Inside AJHG: A Chat with Maya Sabatello and Greta Goto

Posted By: Kylee Spencer, PhD, Assistant Editor, AJHG

Each month, the editors of The American Journal of Human Genetics interview an author of a recently published paper. This month we check in with Maya (@CPMGatColumbia and @columbiaethics) and Greta to discuss their recent paper “The Need for an Intersectionality Framework in Precision Medicine Research“.

KS: What motivated you to start working on this project?

Maya Sabatello, LLB, PhD is an Associate Professor of Medical Sciences in the Center for Precision Medicine and Genomics, Department of Medicine, and Division of Ethics, Department of Medical Humanities & Ethics at Columbia University. Greta Goto, MBA is a Research Assistant in the Alaska Center for Climate Assessment and Policy at the University of Alaska Fairbanks.
Maya Sabatello, LLB, PhD (Left), Greta Goto, MBA (Right)

MS and GG: There’s been much discussion about the underrepresentation of historically marginalized gender, racial and ethnic groups in precision medicine research and the ramification of this underrepresentation for health equity. We are a diverse team, all with roots in community-based work, and thought that there is more complexity in lived experiences. Factors such as disability, gender identity, socioeconomic status, and other sociopolitical characteristics exist within each of these broad underrepresented groups and have confounding impacts on how we live in the world, are treated by others, and subsequently, also participate (or not) in precision medicine research. That led us to start thinking about the voices within marginalized communities that could benefit from being part of precision medicine research efforts but are largely missing.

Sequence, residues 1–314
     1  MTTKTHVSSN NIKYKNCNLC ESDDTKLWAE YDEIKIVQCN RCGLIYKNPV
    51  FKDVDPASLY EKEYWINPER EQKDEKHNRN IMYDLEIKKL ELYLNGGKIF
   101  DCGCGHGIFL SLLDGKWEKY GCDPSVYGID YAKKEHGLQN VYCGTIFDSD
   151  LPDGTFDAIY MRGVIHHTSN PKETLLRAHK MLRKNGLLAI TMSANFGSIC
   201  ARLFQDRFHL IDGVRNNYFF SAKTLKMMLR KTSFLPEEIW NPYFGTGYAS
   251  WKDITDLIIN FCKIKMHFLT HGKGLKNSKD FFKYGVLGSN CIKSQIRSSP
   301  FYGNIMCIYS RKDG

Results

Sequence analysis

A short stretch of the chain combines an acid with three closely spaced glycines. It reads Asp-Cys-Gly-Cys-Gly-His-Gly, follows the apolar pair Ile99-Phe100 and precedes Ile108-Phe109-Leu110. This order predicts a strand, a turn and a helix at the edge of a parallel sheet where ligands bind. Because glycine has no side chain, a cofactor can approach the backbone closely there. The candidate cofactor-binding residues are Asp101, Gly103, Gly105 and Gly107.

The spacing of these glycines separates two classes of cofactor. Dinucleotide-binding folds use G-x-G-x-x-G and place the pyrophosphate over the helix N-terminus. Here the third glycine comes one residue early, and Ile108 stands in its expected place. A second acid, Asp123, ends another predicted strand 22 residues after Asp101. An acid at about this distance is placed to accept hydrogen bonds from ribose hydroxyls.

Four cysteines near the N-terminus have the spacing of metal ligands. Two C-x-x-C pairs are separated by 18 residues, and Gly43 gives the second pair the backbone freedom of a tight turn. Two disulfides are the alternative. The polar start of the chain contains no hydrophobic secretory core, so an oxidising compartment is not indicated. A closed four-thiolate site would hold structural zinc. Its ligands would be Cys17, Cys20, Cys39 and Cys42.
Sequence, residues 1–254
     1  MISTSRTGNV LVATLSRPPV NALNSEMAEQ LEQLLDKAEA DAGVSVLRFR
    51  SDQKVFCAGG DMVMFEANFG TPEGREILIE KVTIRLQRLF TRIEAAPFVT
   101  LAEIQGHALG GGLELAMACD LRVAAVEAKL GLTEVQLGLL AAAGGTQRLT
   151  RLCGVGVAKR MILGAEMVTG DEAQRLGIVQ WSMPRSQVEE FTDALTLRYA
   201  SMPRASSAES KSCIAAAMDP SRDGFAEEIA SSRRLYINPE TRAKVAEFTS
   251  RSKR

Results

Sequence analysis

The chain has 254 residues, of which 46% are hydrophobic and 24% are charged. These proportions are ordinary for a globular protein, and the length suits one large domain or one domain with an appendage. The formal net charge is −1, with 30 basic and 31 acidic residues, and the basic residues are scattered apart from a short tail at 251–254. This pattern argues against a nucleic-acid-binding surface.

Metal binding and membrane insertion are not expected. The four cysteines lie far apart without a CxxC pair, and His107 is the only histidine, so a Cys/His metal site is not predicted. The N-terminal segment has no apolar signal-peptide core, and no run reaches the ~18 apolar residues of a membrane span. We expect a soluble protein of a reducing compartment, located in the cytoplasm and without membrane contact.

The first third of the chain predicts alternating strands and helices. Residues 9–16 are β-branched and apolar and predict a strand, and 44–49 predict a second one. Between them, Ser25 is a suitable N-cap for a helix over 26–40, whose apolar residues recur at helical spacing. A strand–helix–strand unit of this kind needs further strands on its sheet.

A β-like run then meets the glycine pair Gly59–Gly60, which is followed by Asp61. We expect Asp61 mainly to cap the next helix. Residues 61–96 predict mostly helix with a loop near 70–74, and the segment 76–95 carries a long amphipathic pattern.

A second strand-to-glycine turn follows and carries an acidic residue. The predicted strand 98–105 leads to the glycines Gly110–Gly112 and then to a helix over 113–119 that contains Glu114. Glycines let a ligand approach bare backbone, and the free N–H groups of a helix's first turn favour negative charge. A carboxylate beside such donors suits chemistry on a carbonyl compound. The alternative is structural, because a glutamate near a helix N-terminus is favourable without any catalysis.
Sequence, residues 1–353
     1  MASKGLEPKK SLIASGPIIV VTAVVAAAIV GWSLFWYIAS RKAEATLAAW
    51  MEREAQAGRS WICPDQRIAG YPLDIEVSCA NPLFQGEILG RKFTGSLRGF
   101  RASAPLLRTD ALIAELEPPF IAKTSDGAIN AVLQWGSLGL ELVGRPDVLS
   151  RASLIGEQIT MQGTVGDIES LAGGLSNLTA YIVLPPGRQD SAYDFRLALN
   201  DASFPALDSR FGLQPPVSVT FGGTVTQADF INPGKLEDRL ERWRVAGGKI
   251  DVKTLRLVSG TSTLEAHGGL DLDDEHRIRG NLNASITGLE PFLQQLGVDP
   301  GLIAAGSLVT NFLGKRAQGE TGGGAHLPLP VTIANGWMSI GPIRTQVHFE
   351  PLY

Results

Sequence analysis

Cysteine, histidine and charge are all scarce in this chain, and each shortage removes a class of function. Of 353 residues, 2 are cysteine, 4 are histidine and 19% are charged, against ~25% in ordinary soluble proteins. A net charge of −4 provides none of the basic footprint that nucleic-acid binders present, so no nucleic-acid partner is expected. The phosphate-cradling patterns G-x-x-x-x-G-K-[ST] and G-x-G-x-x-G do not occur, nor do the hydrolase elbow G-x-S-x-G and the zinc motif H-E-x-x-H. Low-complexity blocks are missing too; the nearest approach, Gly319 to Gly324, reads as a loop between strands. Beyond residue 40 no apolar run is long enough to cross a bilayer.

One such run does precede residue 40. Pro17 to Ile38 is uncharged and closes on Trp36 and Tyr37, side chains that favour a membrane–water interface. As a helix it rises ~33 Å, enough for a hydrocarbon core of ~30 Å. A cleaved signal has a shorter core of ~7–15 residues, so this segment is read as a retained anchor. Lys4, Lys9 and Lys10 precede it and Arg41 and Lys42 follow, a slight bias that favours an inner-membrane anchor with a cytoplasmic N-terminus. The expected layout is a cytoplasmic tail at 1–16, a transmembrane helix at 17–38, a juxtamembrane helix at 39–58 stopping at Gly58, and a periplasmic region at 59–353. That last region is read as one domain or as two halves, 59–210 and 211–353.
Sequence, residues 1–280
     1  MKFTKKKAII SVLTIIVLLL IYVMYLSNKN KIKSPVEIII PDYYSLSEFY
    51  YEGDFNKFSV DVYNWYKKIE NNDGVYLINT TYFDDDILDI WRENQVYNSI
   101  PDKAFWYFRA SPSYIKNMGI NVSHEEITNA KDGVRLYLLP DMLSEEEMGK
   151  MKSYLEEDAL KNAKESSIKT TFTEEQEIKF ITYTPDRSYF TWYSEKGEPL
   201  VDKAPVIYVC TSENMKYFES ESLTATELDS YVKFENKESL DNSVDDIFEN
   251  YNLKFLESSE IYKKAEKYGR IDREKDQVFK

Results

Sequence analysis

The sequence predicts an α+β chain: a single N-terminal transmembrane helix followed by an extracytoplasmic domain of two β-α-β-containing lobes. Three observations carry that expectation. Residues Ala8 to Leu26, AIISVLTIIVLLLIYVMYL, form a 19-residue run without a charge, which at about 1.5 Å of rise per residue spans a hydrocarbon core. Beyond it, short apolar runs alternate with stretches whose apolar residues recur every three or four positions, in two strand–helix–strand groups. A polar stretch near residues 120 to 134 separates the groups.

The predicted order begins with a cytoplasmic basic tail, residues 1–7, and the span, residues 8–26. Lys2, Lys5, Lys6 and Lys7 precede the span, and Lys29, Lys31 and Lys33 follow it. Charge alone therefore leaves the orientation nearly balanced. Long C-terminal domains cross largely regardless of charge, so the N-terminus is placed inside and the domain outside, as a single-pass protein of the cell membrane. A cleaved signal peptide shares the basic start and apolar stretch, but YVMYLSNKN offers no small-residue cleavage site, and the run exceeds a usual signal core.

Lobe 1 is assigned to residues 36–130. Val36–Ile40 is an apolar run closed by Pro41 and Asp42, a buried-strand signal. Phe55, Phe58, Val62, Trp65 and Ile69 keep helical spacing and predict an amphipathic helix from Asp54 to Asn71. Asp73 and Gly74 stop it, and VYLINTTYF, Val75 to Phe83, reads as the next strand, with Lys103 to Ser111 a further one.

KS: What about this paper/project most excites you? 

MS and GG: We identified a few key areas where we think an intersectional approach to precision medicine research can be helpful and suggest steps that can be immediately implemented to increase inclusivity in such studies. Applying an intersectionality approach to precision medicine research is also an area where there is much room for growth and further research. We think that this combination opens the door for broader policy and methodological discussions about how to create diverse cohorts and promote more equitable outcomes from precision medicine research.

KS: Thinking about the bigger picture, what implications do you see from this work for the larger human genetics community?

MS and GG: This work is only a beginning. It calls for reflection about which communities have not yet been heard in precision medicine research and why they have been overlooked, as well as engagement with such communities, including marginalized communities within marginalized communities, to better understand their views and concerns. We think that if the genetics community engaged in discussions on intersectionality, it could lead to a more diverse genomic workforce and improve our knowledge and implementation of precision medicine research.

KS: What advice do you have for trainees/young scientists?

MS and GG: Trainees and young scientists come with fresh eyes and perspectives. We’d encourage them to stick to their guts and ask questions about the accuracy and usefulness of existing dogmas and categories for inclusion and justice in precision medicine research.

KS:  And for fun, tell us something about your life outside of the lab.

MS: There’s nothing like a good, long swim and it’s a regular internal struggle as to when I absolutely must get out of the water.

GG: One of my passions is binge watching sci-fi and mystery series.

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